3. Stunts your true potential. 

Imitators are always one or two steps behind. They have to wait for the next product, approach or strategy to be revealed. Then they madly copy.

If you are always imitating, your trajectory will never be greater than the person you’re copying. Ever. It will always be a shadow of theirs.

Remember too, that the last thing the innovator you’re copying thought about when creating what you’re looking at was “Now what should I imitate next?”

Innovation is messy, uncertain, scary and fraught with failure. Which is why it’s so much easier to imitate. And so less rewarding.

So…two questions for you personally:

  • What (or who) are you imitating?
  • How much time do you spend innovating or trying something new?

And now a question for commenters: How do you straddle the tension between learning from someone and imitating them?

Read more from Carey here.

 

 

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ABOUT THE AUTHOR

Carey Nieuwhof

Carey Nieuwhof

Carey Nieuwhof is lead pastor of Connexus Community Church and author of the best selling books, Leading Change Without Losing It and Parenting Beyond Your Capacity. Carey speaks to North American and global church leaders about change, leadership, and parenting.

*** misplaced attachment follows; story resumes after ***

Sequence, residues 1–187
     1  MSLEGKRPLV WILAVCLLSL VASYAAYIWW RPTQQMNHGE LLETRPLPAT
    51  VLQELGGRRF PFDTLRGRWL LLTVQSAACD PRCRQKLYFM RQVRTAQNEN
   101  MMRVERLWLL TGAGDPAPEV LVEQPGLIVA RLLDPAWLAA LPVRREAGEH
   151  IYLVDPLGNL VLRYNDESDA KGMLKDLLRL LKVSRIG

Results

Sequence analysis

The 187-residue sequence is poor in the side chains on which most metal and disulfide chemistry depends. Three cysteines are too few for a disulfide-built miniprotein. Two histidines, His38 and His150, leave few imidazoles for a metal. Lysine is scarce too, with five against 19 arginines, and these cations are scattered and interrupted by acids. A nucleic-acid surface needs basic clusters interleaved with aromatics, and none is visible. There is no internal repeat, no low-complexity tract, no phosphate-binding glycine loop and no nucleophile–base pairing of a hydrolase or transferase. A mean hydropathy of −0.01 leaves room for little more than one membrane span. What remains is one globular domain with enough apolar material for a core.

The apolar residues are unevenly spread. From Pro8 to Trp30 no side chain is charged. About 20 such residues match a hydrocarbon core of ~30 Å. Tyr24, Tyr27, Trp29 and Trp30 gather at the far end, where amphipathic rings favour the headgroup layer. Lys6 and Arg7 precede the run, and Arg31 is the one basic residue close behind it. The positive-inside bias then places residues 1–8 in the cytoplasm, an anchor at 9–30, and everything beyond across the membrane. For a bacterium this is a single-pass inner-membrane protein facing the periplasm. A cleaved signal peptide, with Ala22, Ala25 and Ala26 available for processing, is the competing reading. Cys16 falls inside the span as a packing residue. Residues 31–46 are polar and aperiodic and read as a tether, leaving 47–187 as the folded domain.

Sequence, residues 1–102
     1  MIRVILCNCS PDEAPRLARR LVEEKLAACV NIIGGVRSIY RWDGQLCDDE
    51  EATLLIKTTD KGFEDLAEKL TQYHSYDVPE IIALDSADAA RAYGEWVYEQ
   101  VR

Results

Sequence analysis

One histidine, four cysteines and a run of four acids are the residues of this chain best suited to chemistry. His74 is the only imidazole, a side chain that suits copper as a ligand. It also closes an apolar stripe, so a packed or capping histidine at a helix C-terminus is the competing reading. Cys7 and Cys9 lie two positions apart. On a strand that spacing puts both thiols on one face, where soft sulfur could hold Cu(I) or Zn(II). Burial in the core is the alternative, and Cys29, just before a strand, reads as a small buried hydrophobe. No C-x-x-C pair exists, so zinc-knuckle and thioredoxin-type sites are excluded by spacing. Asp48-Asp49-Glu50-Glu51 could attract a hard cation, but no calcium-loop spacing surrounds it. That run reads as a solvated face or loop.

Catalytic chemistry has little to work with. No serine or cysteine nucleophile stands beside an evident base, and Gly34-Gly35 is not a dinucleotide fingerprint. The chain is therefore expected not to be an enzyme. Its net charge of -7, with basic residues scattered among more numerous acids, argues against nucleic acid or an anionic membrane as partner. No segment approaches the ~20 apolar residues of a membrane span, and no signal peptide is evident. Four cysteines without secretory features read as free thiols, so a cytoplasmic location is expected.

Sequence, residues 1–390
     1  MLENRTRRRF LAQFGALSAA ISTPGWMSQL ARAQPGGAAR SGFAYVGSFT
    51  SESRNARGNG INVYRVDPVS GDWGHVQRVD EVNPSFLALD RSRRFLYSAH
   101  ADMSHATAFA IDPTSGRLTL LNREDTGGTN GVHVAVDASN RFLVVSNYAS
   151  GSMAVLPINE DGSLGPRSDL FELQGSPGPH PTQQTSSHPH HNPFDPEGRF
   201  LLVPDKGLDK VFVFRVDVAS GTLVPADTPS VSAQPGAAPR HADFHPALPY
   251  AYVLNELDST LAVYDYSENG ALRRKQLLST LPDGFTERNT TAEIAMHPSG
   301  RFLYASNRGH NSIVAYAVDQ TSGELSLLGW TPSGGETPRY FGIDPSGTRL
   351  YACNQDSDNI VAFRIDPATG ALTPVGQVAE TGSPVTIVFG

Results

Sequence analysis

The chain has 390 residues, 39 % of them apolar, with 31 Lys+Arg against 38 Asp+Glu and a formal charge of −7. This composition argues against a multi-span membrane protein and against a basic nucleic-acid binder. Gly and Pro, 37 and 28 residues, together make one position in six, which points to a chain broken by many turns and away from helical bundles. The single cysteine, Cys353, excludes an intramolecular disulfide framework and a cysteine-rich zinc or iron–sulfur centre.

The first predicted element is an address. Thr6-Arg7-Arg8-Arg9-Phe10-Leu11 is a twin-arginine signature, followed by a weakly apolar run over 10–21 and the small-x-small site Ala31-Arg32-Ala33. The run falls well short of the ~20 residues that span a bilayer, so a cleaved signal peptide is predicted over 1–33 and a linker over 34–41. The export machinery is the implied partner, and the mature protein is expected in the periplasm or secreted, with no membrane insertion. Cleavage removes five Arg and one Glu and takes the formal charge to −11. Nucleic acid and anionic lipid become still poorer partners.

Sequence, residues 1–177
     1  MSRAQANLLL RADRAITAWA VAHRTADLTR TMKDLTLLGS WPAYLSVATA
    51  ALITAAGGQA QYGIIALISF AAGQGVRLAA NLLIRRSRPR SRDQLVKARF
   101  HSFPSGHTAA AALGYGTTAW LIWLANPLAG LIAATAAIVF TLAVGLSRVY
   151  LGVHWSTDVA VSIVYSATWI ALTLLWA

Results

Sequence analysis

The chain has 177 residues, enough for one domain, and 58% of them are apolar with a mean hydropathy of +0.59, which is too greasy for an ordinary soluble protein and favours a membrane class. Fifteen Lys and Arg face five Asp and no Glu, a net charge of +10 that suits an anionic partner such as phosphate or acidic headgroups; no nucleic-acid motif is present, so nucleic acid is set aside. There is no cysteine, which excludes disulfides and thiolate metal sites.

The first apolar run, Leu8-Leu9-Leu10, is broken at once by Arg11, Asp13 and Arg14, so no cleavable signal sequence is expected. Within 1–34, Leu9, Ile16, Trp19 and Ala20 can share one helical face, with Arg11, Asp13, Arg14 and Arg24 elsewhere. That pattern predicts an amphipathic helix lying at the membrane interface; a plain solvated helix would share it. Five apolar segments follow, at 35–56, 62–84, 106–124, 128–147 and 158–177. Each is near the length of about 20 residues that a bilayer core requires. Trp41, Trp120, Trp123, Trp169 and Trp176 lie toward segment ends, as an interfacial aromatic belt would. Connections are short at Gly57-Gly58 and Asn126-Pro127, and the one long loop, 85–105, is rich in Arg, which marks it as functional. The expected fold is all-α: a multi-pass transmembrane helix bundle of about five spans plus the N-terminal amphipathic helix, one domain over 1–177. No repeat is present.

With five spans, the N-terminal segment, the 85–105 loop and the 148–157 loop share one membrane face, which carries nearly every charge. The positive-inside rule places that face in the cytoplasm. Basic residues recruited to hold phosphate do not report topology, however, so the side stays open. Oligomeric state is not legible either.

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COMMENTS

What say you? Leave a comment!

Recent Comments
What happens when u dont have a meeting place any more. And u was forced out because the buliding wasnt available any more.
 
— Debra
 
If someone wants entertainment they're going to the wrong place. Church is not a place for entertainment...or in my opinion a barrage of coffee and donuts. Why are churches today bringing the world INTO them? Then there's the thing with children...age appropriate??? These little guys can pick stuff up in service. Besides Jesus said Suffer little children, and forbid them not, to come unto me: for of such is the kingdom of heaven. Mt. 19:14.
 
— Laurie
 
I love the intentionality here as well as the challenge to look at the data. That's missing so many times. I would like to offer a contrarian's take. Church members and regular attenders have so many ways to get information: Announcements, bulletins, social channels, relationships, and email being among the options. But brand new people are likely going to check out the website and that's it. It might be wiser for churches with limited time and resources to focus their website almost exclusively to guests. This group of people isn't looking for a calendar of events but wants to know about regular programs. They probably aren't interested in watching all of the messages but instead may want to preview one of the services. For the times we need church members to go to websites (sign up for camp, join a group, etc), we're probably better off designing and promoting a specific page rather than cluttering up the homepage.
 
— Michael Lukaszewski (@mlukaszewski)